14. Lau MW, Taylor PM, Payne SR. The indications for scrotal ultrasound. Br J Radiol. 1999 Sep;72(861):833-7.
15. Strebel RT, Leippold T, Luginbuehl T, et al. Chronic scrotal pain syndrome: management among urologists in Switzerland.Eur Urol. 2005 Jun;47(6):812-6.
16. Messelink EJ. The pelvic pain centre. World J Urol 2001 Jun; 19(3):208-12.
17. Cornel EB, van Haarst EP, Schaarsberg RW, et al. The effect of biofeedback physical therapy in men with Chronic Pelvic Pain Syndrome Type III. Eur Urol 2005 May;47(5):607-11.
18. Hetrick DC, Glazer H, Liu YW, et al. Pelvic floor electromyography in men with chronic pelvic pain syndrome: a case-control study. Neurourol Urodyn 2006;25(1):46-9.
19. Rowe E, Smith C, Laverick L, et al. A prospective, randomized, placebo controlled, double-blind study of pelvic electromagnetic therapy for the treatment of chronic pelvic pain syndrome with 1 year follow-up. J Urol 2005 Jun;173(6):2044-7.
20. Anderson RU, Wise D, Sawyer T, et al. Integration of myofascial trigger point release and paradoxicalrelaxation training treatment of chronic pelvic pain in men. J Urol 2005 Jul;174(1):155-60.
21. Srinivasan AK, Kaye JD, Moldwin R. Myofascial dysfunction associated with chronic pelvic floor pain: management strategies. Curr Pain Headache Rep 2007 Oct;11(5):359-64.
22. Strom KH, Levine LA. Microsurgical denervation of the spermatic cord for chronic orchialgia: long-term results from a single center. J Urol.2008 Sep;180(3):949-53.
23. Levine LA, Matkov TG. Microsurgical denervation of the spermatic cord as primary surgical treatment of chronic orchialgia. J Urol.2001 Jun;165(6 Pt 1):1927-9.
24. Heidenreich A, Olbert P, Engelmann UH. Management of chronic testalgia by microsurgical testiculardenervation. Eur Urol 2002 Apr;41(4):392-7.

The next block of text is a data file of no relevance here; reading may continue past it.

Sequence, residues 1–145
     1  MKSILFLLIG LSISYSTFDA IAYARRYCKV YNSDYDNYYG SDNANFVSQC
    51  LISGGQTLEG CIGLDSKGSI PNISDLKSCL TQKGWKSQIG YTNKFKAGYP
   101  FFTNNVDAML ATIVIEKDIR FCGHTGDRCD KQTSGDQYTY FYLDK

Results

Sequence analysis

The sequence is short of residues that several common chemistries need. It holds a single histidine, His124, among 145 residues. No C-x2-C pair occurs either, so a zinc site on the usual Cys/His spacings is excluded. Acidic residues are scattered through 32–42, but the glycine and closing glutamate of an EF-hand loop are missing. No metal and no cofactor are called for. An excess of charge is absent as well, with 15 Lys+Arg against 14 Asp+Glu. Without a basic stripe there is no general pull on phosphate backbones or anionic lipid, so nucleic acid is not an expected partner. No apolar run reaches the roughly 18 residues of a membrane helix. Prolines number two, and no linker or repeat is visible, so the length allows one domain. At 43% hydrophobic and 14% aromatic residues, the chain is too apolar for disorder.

25. Cadeddu JA, Bishoff JT, Chan DY, et al. Laparoscopic testicular denervatiuon for chronic orchalgia. J Urol. 1999 Sep;162(3 Pt 1):733-5: discussion 735-6.
26. Granitsiotis P, Kirk D. Chronic testicular pain: an overview. Eur Urol 2004 Apr;45(4):430-6.
27. Sweeney CA, Oades GM, et al. Does surgery have a role in management of chronic intrascrotal pain? Urology.2008 Jun;71(6):1099-102.
28. Calleary JG, Masood J, Hill JT. Chronic epididymitis: is epididymectomy a valid surgical treatment? Int J Androl. 2009 Oct;32(5):468-72.
29. Parsons CL, Zupkas P, Parsons JK. Intravesical potassium sensitivity in patients with interstitialcystitis and urethral syndrome. Urology 2001 Mar;57(3:428-32; discussion 432-3.
30. Parsons CL. The role of a leaky epithelium and potassium in the generation of bladder symptoms in interstitial cystitis/overactive bladder, urethral syndrome, prostatitis and gynecological chronic pelvic pain. BJU Int. 2011 Feb;107(3):370-5.
31. Kaur H, Arunkalaivanan AS. Urethral pain syndrome and its management. Obstet Gynecol Surv 2007 May;62(5):348-51; quiz 353-4.
32. Yoon SM, Jung JK, Lee SB, et al. Treatment of female urethral syndrome refractory to antibiotics. Yonsei Med J. 2002 Oct;43(5):644-51.


Professor Doctor of Medicine-Urosurgery, Andrology, and Male Infertility
Dubai Healthcare City, Dubai, United Arab Emirates.
Mailing Address: Dubai Healthcare City, Bldg. No. 64, Al Razi building, Block D,
2nd floor, Dubai, United Arab Emirates, PO box 13576